We knew the forecast this week predicted a storm Wednesday night into Thursday that could bring a variety of conditions to the Northland. Thunderstorms, rain, ice, snow and strong winds were all possible throughout the area.

As Wednesday night approached, the chance for severe weather remained and both the National Weather Service and the Minnesota Department of Transportation issued warnings, which included a warning to be on the lookout for a "flash freeze".

What's the heck is a flash freeze? It's what happens when temperatures drop and rain begins to change over to snow.  According to the US National Weather Service Duluth Minnesota Facebook post Wednesday afternoon:

A flash freeze happens when roads are wet and then temperatures quickly drop below freezing, creating black ice on roadways, sidewalks, and any other surfaces. This will likely lead to a tricky Thursday morning commute. In addition, rain will change over to snow Thursday morning as the temperatures tumble, combined with strong westerly winds.

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If this occurs while you're out on the road it's a scary situation as you may think the roads are still just wet, until you attempt to stop. With that in mind, they went on to advise motorists that if travelling is necessary that speeds should be reduced and distance between vehicles should be increased.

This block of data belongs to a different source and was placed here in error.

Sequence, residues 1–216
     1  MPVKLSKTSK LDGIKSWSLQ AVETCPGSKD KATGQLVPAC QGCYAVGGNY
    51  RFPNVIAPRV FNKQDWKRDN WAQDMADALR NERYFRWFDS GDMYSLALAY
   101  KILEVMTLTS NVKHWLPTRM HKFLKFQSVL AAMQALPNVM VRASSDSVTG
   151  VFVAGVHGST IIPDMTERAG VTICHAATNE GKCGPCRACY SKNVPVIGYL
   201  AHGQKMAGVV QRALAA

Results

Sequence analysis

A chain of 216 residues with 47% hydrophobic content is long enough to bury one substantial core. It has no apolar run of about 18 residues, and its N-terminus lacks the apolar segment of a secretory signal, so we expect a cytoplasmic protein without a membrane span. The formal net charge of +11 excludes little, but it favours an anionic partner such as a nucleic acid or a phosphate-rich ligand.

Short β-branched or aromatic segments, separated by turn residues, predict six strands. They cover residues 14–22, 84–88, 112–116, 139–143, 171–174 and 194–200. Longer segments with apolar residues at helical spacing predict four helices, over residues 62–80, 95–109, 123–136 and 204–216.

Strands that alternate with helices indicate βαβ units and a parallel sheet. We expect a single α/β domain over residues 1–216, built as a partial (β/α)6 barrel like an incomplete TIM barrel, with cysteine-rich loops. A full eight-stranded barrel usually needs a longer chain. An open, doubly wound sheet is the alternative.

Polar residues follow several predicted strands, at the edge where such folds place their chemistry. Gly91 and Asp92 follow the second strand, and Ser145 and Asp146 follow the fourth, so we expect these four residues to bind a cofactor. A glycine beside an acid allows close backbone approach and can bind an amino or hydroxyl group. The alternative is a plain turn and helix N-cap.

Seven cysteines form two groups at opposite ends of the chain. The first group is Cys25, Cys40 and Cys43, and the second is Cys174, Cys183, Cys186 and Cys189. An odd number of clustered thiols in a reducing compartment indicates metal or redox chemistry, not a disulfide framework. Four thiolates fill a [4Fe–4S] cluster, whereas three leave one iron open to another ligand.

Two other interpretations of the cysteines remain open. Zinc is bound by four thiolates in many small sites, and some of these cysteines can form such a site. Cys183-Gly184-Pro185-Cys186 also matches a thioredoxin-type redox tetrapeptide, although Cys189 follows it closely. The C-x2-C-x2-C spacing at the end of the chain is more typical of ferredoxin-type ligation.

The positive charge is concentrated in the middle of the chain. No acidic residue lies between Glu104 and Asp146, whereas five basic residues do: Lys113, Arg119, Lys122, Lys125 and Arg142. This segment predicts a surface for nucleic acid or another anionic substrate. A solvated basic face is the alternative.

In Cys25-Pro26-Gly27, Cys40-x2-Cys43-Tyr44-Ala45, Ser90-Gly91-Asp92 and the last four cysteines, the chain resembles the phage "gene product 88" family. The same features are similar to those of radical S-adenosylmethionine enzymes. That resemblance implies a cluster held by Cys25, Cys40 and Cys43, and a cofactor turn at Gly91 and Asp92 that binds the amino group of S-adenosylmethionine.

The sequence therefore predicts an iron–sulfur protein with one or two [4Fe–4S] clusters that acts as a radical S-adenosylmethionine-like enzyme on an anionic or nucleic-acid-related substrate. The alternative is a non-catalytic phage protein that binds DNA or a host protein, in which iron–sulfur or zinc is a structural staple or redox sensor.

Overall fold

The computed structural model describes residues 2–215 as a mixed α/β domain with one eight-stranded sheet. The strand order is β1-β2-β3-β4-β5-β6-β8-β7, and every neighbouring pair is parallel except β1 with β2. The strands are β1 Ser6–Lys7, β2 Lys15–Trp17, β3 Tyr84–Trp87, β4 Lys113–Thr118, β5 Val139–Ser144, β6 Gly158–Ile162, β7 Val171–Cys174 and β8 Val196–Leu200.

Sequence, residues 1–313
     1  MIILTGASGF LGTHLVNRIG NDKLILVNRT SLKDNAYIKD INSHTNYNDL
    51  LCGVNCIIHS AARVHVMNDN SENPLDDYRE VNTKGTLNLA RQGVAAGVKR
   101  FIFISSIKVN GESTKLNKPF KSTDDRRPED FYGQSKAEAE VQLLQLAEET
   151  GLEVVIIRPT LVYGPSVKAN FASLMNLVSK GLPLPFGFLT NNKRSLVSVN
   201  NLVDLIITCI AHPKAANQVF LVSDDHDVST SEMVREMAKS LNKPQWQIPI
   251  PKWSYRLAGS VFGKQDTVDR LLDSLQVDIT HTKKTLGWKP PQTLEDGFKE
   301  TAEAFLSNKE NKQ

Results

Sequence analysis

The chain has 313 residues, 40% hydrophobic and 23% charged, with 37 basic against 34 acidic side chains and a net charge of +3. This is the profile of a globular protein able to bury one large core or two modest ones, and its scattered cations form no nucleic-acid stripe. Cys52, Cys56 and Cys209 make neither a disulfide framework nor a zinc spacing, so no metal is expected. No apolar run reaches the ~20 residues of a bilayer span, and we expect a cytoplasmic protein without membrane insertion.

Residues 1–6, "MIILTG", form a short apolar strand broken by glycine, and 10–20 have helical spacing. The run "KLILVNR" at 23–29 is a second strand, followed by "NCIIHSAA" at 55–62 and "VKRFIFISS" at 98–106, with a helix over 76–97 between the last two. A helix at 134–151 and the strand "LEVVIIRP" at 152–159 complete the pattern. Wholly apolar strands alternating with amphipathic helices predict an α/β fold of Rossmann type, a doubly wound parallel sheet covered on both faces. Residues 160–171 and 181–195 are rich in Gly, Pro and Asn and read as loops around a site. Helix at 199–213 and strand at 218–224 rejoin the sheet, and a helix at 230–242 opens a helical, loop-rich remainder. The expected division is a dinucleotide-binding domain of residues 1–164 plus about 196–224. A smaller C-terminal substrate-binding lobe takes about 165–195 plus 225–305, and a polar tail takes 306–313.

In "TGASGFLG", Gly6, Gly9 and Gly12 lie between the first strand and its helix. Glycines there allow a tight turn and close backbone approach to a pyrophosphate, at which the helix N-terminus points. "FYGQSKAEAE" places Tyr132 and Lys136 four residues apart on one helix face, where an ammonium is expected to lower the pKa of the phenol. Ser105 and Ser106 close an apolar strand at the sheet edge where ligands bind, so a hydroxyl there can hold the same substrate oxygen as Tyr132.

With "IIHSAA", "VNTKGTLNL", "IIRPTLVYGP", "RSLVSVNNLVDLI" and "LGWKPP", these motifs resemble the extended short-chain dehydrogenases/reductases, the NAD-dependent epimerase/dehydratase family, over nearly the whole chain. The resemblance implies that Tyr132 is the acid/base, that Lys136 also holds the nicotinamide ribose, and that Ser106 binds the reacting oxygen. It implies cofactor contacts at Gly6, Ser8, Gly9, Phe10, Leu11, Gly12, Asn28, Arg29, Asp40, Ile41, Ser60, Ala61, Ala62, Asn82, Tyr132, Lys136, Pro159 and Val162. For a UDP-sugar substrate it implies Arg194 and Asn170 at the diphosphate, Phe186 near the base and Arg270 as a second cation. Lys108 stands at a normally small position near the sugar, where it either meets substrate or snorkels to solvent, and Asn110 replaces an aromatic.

The Minnesota Department of Transportation also used their Facebook page to warn people of the potentially dangerous conditions this unusual and messy December storm could cause.

The reminded all motorists that the ability to monitor road conditions is always available through 511mn.org. That site features an interactive map to help give you road conditions throughout the state. There is also a Minnesota 511 app available.

Time will ultimately tell where this storm tracks and where the worst conditions will exist, but it's always best to play it safe until that time and only travel if absolutely necessary.

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